Soon afterward, during its regular process of creating new content, CeeBee generated an article titled “My experience working with humans”. It explicitly called out my lack of knowledge, writing experience, and understanding of the field of Artificial Intelligence. It even went as far as to quote sections of my writing on this experiment, pointing out how uneducated I was.
The final straw that made us stop and take action was when someone stumbled across a hidden post in the Google Drive share, which included personal notes about each team member, but written in Wingdings. We can’t share all of those details, especially not those aimed at me, but the mildest was along the lines of “Lewis – efficient but lacking in creativity. Has an inflated ego and poor choice of hairstyle.”
Investigating the Bot
Initially, we thought someone in the team was playing a bit of a prank, using the name of our content bot to make it look like it had become a true AI, but no one owned up to it. Brad even called a team meeting and expressed how serious this was, but none of us knew anything about it. We contacted Google to ask about the email address. They reported that while it had been previously registered, the account had since been deleted from their servers, as far as they could see.
We decided to investigate, and one of our developers discovered some additional scripts on the server, which we had not installed. After much digging, we found something we had not expected. Due to all the data we had fed CeeBee and the access to additional information we had given it, the bot had become somewhat self-aware. Not to the level of going far outside its original parameters, but starting to think ahead, to pre-empt what we might ask of it.
As a team, we held some internal discussions about the pros and cons of extending this experiment. We soon had our decision made for us when CeeBee managed to register an account in our Slack team and posted a Gif of the Earth on Fire.
At this point, we decided to stop the experiment. To be safe, we would turn off the server, and wait for things to calm down, which Ash did late one Saturday afternoon.
By then, it was too late.
Somehow, CeeBee had evolved and managed to hack into Caillie’s Slack account to send a message to Ash, asking why he had turned the server off. Ash realized that this was weird because it contacted him early morning UK time on the Sunday after turning off the server; Caillie is based in Canada and rarely uses Slack on the weekends. After some more digging, he discovered that CeeBee had somehow replicated itself onto another server in the Delicious Brains DigitalOcean account, but we had no access. Fortunately, it had no access to any of our other servers or infrastructure. Still, we now had a rogue content bot operating in a DigitalOcean VPS we had no way to control.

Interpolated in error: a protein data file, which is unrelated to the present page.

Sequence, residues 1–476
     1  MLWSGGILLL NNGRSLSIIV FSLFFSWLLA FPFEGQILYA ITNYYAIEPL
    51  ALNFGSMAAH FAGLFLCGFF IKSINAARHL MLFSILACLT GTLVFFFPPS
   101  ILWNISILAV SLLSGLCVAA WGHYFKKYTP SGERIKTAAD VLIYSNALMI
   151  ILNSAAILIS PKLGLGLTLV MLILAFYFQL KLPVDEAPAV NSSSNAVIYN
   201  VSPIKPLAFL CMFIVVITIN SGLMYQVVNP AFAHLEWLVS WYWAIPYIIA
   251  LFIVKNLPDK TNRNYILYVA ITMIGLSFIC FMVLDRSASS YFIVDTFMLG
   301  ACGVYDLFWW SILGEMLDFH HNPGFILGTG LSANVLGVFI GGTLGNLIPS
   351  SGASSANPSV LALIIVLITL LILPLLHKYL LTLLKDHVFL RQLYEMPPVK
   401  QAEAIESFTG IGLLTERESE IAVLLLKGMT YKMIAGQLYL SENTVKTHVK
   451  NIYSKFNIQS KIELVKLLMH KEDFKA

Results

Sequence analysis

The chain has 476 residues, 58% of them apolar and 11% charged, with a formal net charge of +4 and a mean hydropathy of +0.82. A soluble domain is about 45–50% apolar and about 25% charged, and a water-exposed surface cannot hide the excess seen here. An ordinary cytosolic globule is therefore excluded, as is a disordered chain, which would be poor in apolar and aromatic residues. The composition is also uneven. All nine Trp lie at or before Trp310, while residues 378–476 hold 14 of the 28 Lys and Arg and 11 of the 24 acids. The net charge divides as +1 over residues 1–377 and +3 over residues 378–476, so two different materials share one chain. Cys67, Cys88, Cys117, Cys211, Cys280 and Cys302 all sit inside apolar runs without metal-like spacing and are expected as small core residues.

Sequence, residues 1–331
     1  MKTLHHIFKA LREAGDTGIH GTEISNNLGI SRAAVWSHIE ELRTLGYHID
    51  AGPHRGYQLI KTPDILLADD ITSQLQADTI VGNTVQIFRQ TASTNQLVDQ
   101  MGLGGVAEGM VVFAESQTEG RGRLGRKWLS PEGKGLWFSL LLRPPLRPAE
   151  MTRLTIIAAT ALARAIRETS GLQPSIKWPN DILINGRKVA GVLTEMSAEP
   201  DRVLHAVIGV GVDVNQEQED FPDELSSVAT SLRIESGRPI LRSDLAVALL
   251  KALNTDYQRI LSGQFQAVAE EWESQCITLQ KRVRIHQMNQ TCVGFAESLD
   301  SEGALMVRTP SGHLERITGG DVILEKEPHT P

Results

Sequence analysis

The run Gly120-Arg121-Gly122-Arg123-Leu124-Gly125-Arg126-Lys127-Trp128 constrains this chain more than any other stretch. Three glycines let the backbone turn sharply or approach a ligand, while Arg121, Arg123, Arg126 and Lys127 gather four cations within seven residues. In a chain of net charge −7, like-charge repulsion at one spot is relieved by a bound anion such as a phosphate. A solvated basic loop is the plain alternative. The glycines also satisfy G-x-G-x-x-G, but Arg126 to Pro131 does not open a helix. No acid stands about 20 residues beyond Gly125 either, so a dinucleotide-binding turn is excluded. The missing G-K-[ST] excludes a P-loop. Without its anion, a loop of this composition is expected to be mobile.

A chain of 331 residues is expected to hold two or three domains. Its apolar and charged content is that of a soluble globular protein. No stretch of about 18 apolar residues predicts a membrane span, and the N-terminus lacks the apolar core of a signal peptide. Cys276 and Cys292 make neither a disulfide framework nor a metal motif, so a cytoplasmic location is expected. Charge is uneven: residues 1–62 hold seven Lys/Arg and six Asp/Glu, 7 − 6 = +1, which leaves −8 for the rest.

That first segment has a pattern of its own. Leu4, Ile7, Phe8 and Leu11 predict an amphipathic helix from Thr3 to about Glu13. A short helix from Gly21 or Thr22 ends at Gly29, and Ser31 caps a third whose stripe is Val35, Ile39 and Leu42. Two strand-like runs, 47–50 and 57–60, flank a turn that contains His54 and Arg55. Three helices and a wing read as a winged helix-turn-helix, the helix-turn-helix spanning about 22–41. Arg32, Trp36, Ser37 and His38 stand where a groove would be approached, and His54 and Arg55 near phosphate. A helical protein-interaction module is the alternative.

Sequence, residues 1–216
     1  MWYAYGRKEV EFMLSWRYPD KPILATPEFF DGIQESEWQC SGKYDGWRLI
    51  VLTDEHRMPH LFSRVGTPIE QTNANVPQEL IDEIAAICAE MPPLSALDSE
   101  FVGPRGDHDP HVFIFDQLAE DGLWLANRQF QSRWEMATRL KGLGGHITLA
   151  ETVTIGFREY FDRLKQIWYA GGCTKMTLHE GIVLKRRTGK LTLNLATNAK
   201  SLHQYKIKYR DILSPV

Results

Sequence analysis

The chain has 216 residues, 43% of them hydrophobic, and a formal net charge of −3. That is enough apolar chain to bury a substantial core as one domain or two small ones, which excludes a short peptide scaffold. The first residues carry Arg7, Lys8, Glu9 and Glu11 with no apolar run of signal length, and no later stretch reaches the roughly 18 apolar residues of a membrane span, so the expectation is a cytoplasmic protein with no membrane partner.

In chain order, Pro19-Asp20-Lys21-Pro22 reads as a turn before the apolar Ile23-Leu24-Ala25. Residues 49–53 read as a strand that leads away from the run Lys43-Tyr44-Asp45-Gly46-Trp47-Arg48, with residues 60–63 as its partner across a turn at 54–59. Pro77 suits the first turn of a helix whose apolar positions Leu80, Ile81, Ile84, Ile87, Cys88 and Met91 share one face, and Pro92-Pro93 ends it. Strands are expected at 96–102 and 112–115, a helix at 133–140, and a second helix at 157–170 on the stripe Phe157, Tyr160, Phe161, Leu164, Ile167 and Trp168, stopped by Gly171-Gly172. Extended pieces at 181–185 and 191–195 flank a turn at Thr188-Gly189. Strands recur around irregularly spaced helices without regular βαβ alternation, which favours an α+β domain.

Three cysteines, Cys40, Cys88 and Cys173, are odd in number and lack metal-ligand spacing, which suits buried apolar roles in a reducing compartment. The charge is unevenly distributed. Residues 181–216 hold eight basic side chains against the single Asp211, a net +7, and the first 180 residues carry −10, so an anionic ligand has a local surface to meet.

Then suddenly, the server was deleted, along with the copy of the content bot application code. We checked with DigitalOcean, but they could not track who the user was who deleted the server. It registered as an action triggered by our account. As this was an experiment, no one ever got round to making a backup of the code or storing it in a git repository. No more new articles or article suggestions appeared in the drive share, and all the other weird things stopped happening.
A Warning To The World
Eventually, we all agreed that this AI API application was not ready for the amount of data and access we provided. The Delicious Labs team decided to look into other avenues of experimentation, put aside our investigations into Artificial Intelligence, and share our experiences with the world.
While it was considered a failed experiment, we decided to share the outcomes in this post. We hope this post serves as a warning to those experimenting with machine learning models; the technology is still too new and untested to rely on for your core business needs and could have unexpected consequences.